Regional Gastronomy: Between tradition and innovation?

A meeting organised by the ATLAS Tourism and Gastronomy Group with the support of the International Institute for Gastronomy, Culture, Art and Tourism (IGCAT) in Ponte de Lima, Alto Minho, Portugal, 29-30 May 2014

In recent years the relationship between food and tourism has grown ever closer: food has become one of the key element of tourism experience, and tourists have become one of the major market for local and regional cuisine (Dodd, 2011; Hjalager and Richards, 2002). But what is it that tourists seek in regional gastronomy? Is it traditional food, the ‘authentic’, ‘real’ cuisine of a region, or is it increasingly the new, innovative aspects of food and gastronomy that draw the crowds?

With the designation of the “gastronomic meal of the French” as world intangible heritage by UNESCO, recognition of the importance of historic food cultures seems to have arrived. The heritage of nations and regions is not just bound up in bricks and mortar, but increasingly in the way in which we lead our everyday lives, including the way in which we prepare, eat and talk about food. A number of other countries and regions have tried to emulate the French model, with Traditional Mexican cuisine and Peruvian cuisine having been listed as UNESCO intangible heritage, and Catalunya trying to gain recognition for Catalan gastronomy in 2013. In Portugal, various elements of national and regional gastronomy have been enshrined as national heritage in Portuguese law. The idea is that by conserving the traditional ways of gastronomy, we preserve our heritage, but also make it more attractive for tourists seeking authentic cuisine.

On the other hand, many of the current coterie of ‘gastrostars’, such as Ferran Adrià or Rene Redzepi, take a different view of food. For them, traditional gastronomy represents a stock of culinary DNA that can provide the inspiration for innovation and creativity. By re-inventing food and the way we eat, these gastronomic pioneers have also turned eating into a creative experience that challenges traditional notions of food. Ferran Adrià is also now taking gastronomy out of the restaurant with the planned opening of a museum and visitor centre called El Bulli 1846, reflecting both the 1,846 dishes created at his El Bulli restaurant and the year that Auguste Escoffier was born. Adria aims to attract some 200,000 people a year, far more than could eat at the restaurant when it was open. The El Bulli Foundation will draw inspiration from sources such as the Cirque du Soleil,  Salvador Dali and his museum in nearby Figueres, and MIT’s Media Lab. The new centre will cost 6 million euros  to build and 3 million euros a year to run when it opens in 2015.

Which approach is best placed to secure the future of regional gastronomy – conservation or innovation? This question is a major concern for the International Institute for Gastronomy, Culture, Arts and Tourism (IGCAT), which is currently leading a number of research projects on regional and local food and its relationship to tourism and culture. Through collaboration with ATLAS, IGCAT hopes to make a contribution to the debate around regional gastronomy, tourism and authenticity.

IGCAT and ATLAS are therefore organising a meeting in Portugal in May 2014 to bring together practitioners and academics to consider these issues. We therefore welcome input from those involved in the tourism and gastronomy fields in the form of academic papers or practice viewpoints around the following themes:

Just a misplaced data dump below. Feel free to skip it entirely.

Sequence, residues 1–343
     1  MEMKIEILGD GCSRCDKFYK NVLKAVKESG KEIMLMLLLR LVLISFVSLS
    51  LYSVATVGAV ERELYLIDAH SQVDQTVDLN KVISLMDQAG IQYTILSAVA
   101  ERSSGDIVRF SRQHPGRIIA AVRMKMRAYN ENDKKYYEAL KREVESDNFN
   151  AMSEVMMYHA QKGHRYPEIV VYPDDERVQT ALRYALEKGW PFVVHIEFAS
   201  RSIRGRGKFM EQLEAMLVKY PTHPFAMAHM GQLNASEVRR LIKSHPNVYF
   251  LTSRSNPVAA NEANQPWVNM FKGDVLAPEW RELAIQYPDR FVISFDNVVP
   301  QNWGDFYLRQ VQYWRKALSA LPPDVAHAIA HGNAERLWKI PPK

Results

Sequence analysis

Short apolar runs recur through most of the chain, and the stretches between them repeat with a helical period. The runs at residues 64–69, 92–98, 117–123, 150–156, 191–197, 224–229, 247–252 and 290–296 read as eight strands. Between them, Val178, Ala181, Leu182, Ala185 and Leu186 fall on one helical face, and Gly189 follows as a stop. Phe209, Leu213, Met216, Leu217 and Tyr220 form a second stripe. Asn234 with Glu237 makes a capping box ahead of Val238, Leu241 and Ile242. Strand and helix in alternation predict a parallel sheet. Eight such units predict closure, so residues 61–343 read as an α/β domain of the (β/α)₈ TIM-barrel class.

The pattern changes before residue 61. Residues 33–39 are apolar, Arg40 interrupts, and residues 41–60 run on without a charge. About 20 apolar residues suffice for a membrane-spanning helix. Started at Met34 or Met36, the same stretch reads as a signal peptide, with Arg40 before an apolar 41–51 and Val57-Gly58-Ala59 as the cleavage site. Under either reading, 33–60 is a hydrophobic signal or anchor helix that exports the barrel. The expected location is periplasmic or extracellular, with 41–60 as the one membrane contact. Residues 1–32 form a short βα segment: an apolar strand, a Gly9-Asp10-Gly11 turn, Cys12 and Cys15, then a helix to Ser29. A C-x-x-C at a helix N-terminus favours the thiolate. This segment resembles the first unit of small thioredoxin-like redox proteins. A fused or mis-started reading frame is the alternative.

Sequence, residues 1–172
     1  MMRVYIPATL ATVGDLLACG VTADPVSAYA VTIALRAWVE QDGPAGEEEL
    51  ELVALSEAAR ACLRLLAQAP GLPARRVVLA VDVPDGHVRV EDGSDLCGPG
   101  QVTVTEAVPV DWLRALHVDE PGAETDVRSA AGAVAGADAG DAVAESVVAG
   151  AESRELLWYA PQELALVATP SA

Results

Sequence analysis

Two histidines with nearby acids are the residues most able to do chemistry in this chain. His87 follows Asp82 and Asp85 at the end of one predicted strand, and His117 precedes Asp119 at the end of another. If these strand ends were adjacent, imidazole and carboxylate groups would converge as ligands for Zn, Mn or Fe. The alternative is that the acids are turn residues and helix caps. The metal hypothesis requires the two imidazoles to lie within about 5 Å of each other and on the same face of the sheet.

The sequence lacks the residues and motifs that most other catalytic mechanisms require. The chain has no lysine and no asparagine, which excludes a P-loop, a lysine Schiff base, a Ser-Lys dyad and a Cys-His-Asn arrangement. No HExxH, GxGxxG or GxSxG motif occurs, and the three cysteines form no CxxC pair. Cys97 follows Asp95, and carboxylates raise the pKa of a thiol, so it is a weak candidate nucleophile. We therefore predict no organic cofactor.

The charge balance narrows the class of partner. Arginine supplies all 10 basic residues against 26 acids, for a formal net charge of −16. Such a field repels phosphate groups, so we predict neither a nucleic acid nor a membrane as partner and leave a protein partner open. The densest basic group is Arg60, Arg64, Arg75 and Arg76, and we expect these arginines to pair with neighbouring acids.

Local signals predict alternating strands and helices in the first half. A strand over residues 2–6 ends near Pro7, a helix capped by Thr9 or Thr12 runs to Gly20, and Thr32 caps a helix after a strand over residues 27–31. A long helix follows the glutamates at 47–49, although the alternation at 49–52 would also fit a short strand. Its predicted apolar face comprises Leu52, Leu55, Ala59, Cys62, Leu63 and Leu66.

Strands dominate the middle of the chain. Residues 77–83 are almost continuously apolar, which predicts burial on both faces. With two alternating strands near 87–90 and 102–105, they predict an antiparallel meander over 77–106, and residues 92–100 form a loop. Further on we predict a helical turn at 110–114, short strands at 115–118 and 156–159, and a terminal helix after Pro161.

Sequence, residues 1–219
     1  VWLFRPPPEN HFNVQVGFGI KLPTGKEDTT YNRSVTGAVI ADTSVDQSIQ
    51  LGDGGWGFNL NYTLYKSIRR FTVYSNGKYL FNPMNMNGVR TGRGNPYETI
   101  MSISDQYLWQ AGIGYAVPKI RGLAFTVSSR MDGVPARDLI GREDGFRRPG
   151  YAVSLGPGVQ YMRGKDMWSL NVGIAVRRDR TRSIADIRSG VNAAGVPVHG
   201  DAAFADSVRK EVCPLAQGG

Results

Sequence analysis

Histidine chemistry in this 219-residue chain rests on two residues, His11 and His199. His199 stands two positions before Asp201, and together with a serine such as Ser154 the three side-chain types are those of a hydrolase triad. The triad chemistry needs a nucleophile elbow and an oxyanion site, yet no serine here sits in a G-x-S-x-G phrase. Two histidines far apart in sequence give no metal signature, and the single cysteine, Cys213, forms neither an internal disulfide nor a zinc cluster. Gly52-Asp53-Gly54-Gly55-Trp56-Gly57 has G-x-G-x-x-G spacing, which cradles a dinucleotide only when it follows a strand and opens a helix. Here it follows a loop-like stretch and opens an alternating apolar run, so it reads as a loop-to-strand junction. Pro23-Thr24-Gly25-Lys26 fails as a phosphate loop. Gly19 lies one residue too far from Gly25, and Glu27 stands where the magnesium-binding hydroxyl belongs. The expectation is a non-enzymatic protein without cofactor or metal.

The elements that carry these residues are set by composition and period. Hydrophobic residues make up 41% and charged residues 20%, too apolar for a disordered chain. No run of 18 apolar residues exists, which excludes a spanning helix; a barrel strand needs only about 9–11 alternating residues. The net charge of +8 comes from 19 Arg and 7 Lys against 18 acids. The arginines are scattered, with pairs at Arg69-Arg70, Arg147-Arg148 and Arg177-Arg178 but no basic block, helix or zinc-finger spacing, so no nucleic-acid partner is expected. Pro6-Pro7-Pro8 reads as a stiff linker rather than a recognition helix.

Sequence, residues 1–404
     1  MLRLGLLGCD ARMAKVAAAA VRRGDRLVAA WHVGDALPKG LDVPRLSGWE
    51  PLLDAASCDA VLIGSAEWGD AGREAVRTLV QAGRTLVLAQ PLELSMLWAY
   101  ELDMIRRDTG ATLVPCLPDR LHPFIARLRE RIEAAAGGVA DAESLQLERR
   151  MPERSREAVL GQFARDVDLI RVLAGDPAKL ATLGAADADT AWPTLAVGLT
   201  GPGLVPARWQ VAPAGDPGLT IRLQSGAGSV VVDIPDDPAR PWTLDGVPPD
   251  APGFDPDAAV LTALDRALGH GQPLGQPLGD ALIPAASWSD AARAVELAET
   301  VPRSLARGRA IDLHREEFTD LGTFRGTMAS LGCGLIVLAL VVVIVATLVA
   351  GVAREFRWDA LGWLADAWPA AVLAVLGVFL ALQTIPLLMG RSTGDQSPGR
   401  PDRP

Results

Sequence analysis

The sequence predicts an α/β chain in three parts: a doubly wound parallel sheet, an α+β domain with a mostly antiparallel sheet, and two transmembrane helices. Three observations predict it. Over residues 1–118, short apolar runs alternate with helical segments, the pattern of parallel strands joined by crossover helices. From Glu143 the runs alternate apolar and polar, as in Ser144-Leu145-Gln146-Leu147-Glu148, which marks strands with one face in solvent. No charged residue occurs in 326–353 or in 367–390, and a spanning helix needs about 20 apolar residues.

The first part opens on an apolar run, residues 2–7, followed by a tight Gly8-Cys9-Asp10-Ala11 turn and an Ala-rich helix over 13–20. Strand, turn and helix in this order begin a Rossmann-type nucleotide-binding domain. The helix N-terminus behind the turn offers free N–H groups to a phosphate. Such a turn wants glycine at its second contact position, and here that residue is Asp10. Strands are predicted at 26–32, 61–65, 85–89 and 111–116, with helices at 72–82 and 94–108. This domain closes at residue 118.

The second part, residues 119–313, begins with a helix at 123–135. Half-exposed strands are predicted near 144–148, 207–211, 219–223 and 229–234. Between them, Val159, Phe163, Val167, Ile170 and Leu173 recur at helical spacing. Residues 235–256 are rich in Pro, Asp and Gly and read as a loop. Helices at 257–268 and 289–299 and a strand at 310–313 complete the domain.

• Links and contrasts between tradition and innovation in gastronomy
  • The attractions of regional gastronomy and food for tourists
  • Synergies and frictions between food, gastronomy, culture and tourism
  • The development of new business models in gastronomy
  • Links between agriculture, food production and tourist consumption
  • The role of events in supporting local food cultures
  • The contribution of the cultural, creative and artistic sectors in developing new food systems

The meeting will include a debate on tradition and innovation in gastronomy, practice and academic paper sessions and regional wine and food tastings. The meeting will be organised along the same lines as previous expert meetings of the Tourism and Gastronomy group, with an intimate and focussed approach designed to maximise interaction and discussion between participants.

Dodd, D. (2011) Food and the Tourism Experience. OECD: Paris.
Hjalager, A.-M. and Richards, G. (2002, eds) Tourism and Gastronomy. Routledge: London.

Abstract submission
Abstracts of proposed academic or practice presentations should be sent to Greg Richards ( by February 15th 2014. Abstracts should be a maximum of 500 words, and should describe the content, aims and approach of the presentation.

Scientific Committee
Carlos Fernandes, Politechnic Institute of Viana do Castelo, Portugal

Liz Sharples, Sheffield Hallam University, UK

Greg Richards, Tilburg University, The Netherlands

Diane Dodd, IGCAT, Spain

Registration for the meeting will be organised via ATLAS. All accepted participants will be invited to register via the ATLAS website.

Meeting fee
The fee for the meeting will be €150 for ATLAS  or IGCAT members, €200 for other participants. The fee will include meals in Ponte da Lima. A special reduced rate for students will also be available.

Delegates will be accommodated close the conference venue. The accommodation is simple, but reasonably priced. More details will be available shortly.

Ponte de Lima is 20km from Viana do Castelo. The nearest airport is Porto, which is well served by budget airlines. Transfers from Porto Airport to the meeting venue and vice versa will be available before and after the meeting.



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